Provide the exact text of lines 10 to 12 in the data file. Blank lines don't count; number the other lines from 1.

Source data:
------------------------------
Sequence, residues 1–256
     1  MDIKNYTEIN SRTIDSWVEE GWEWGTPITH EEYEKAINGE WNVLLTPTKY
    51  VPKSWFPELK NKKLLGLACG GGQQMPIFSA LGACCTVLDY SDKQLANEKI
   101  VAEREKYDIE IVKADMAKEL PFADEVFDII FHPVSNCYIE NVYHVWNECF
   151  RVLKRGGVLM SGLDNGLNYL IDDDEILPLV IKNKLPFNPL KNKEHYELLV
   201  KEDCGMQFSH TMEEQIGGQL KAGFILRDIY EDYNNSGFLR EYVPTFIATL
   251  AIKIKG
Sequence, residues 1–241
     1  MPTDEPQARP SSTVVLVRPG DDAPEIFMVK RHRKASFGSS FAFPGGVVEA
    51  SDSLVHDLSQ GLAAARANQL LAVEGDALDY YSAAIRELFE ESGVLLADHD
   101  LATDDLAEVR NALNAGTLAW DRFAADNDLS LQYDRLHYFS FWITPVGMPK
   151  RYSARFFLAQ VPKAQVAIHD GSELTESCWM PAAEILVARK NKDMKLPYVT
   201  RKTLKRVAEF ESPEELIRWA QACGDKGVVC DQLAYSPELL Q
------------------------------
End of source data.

    51  SDSLVHDLSQ GLAAARANQL LAVEGDALDY YSAAIRELFE ESGVLLADHD
   101  LATDDLAEVR NALNAGTLAW DRFAADNDLS LQYDRLHYFS FWITPVGMPK
   151  RYSARFFLAQ VPKAQVAIHD GSELTESCWM PAAEILVARK NKDMKLPYVT